It’s been kind of a weird month — there’s some apartment building drama, as my last post alluded to, which is definitely going to have an effect on what types of recipes I post on this blog for some time. There’s some other personal/professional life stuff that’s changing (all good things), but it’s been distracting. So my reading habits have been a little spotty, though I’ve done a lot better than I did last month as far as completing an actual book is concerned. I still have to finish the Alexander Hamilton biography I claimed I’d complete at any point over the last three to four months, but meanwhile take a look at a handful of other books I read this month:
The Siege of Krishnapur (by J.G. Farrell) – This is one of those books I picked up randomly while in The Strand a year or two ago and it’s about a fictional siege inspired by real-life events such as the Siege of Lucknow, where Indian soldiers rebelled against British colonialists during the 1800s. There were aspects of this book I really liked, and aspects I didn’t — Farrell certainly presents the imperialist point of view through his characters and while it’s clear he’s trying to show that their line of thinking was misguided at the very least, I just got a little tired of reading the book from that particular point of view. I can understand why as an author he may have felt he couldn’t present an authentic Indian voice (there are some Indian characters, but they’re pretty minor in the grand scheme of things), but I wish we had a more varied point of view to witness the story from. All in all, it’s an interesting piece of historical fiction, but I’m not too sure it’s one I’ll want to reread someday in the future.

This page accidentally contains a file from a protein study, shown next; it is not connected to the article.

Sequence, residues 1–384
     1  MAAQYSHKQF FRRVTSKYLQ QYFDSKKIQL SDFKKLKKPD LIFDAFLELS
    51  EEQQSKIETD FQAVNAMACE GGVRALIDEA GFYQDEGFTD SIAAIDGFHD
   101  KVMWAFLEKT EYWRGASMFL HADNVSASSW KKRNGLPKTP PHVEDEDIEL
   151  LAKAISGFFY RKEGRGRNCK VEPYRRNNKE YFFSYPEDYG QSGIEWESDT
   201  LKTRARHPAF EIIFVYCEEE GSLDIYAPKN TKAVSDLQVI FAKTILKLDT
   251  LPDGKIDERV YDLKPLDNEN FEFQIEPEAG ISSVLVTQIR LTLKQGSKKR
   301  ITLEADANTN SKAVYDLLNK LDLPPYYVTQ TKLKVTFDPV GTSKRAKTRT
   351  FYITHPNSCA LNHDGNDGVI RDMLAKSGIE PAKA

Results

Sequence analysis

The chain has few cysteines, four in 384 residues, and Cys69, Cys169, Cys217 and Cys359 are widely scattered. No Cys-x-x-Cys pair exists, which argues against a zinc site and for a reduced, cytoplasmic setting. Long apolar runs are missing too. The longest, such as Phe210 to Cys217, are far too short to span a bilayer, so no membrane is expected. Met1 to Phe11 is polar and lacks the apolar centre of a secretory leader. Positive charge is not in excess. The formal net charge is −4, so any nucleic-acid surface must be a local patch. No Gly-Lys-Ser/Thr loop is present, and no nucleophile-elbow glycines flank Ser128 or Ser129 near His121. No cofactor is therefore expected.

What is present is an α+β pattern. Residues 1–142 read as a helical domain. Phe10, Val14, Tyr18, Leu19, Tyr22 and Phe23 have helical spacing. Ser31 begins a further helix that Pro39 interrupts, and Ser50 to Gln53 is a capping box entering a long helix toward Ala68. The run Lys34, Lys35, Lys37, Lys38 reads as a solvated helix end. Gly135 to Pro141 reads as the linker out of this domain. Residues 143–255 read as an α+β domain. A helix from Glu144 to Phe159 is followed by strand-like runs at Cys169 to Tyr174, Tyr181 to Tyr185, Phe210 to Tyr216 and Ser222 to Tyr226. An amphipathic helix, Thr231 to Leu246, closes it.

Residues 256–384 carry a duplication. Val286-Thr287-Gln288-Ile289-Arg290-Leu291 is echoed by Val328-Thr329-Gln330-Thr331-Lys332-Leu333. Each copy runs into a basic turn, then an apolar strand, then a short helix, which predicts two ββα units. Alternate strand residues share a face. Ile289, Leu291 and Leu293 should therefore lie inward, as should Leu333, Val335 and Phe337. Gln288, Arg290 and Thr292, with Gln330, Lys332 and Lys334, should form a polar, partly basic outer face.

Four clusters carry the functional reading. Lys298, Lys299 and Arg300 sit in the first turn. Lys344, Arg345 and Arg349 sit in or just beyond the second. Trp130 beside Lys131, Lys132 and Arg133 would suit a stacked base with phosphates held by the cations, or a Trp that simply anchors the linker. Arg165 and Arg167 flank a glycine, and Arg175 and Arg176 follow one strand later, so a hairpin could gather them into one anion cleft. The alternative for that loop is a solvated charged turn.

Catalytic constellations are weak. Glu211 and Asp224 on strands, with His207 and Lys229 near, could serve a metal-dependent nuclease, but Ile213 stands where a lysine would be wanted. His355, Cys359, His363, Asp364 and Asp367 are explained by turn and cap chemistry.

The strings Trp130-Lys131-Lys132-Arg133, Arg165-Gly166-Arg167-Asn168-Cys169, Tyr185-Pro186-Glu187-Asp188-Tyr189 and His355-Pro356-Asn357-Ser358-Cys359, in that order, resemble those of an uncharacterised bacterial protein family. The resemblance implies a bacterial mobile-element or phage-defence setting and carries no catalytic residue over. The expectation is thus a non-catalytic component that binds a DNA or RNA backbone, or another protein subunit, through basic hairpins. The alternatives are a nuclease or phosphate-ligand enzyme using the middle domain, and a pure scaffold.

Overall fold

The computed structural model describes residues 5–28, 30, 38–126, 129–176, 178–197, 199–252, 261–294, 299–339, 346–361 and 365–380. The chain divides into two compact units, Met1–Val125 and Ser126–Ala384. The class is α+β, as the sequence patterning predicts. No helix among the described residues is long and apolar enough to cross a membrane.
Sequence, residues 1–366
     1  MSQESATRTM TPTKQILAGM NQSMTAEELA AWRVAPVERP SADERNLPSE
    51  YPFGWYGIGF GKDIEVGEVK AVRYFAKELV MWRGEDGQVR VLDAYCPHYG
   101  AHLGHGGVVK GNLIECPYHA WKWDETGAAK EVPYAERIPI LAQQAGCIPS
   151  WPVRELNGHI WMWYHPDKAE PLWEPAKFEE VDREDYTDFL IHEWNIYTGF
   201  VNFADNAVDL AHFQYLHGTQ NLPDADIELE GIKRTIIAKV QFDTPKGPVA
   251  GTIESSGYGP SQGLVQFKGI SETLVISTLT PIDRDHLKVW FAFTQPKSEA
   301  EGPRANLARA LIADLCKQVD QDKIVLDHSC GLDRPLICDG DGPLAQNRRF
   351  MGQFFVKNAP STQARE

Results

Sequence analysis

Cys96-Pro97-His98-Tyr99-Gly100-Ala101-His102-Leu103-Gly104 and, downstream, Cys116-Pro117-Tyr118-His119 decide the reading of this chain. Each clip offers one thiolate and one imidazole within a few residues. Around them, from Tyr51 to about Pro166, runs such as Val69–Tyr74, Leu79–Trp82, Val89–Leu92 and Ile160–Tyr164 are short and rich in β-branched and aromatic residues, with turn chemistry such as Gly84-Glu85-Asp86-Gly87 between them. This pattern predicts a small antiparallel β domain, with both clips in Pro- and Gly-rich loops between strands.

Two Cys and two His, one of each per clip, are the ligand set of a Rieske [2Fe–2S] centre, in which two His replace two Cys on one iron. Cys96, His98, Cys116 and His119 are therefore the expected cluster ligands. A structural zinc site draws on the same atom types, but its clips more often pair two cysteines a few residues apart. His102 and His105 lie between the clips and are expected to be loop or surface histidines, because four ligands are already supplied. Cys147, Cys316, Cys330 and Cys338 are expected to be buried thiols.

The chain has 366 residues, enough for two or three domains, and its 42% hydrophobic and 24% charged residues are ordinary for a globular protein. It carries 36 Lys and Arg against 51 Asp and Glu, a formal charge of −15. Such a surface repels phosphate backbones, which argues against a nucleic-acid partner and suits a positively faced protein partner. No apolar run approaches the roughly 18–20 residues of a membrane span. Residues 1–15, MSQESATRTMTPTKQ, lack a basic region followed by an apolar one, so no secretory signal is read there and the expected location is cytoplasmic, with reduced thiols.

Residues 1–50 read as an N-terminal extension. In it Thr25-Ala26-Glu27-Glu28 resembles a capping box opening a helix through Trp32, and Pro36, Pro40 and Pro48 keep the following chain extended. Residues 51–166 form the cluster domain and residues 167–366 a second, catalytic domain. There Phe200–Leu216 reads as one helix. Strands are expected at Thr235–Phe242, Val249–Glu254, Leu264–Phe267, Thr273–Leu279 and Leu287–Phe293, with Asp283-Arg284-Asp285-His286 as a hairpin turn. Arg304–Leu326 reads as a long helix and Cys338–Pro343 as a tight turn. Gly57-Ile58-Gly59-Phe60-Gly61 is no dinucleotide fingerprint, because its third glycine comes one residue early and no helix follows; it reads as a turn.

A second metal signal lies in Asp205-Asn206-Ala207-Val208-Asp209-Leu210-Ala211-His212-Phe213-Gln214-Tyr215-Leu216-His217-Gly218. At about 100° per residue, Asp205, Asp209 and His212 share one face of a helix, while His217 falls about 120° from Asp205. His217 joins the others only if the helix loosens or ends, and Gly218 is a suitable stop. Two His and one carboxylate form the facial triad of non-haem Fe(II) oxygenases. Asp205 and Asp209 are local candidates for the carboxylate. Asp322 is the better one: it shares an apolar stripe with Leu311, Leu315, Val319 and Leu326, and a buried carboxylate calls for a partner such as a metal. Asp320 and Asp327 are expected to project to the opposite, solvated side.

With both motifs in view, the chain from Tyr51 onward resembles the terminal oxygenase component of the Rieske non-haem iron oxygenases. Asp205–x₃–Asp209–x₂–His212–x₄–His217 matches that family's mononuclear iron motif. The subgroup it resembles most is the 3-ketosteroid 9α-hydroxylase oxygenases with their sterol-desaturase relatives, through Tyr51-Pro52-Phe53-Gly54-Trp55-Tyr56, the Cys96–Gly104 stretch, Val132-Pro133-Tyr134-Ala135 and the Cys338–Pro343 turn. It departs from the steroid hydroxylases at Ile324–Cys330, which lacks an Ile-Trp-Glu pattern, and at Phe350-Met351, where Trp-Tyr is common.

The God of Small Things (by Arundhati Roy) – Speaking of rereads, I I read this book ages ago in high school because I knew it was an “important” work of literature by a South Asian author. But to be honest, I don’t think I absorbed too much of it and I had forgotten huge chunks of it. When buzz started about Arundhati Roy’s newest book, which I’m not entirely sure I’ll pick up yet, I felt the urge to reread this. And I’m glad I did. It’s a heartbreaking book with some truly upsetting elements in it, but it’s so well written and you find yourself immersed in the characters’ world so easily. I found myself rooting for the twins at the center of this novel, as well as their mother, even though I knew their story didn’t end the way I wanted it to. It’s a very sad book and it’s not for everyone, but I am very glad I took the time to revisit it as an adult.
Trust No Aunty (by Maria Qamar) – I’m a huge fan of Maria Qamar, better known as @hatecopy on social media, an artist who does pop art a la Lichtenstein with a South Asian twist. This book, which actually does seriously dole out advice, alongside a few recipes and other tips, mixes humor into the subject matter really well. To be fair, I think this is one of those books where you probably do have to be South Asian of some sort to really enjoy it, but I highly recommend it to anyone who’s interested. I laughed a lot.
Whatever Happened to Interracial Love? (by Kathleen Collins) – I bought this collection of stories by a little-known, but well-praised African American author on my Kindle sometime over the past year after seeing her name show up on some book blogs and I’m glad I did. It’s a very small volume of short stories by Collins, who died far too young in the ’80s. The writing is lovely and introspective and just draws you in. And then just like that, the collection is done and you’ll find yourself wishing Collins had been around longer for us to really appreciate her work.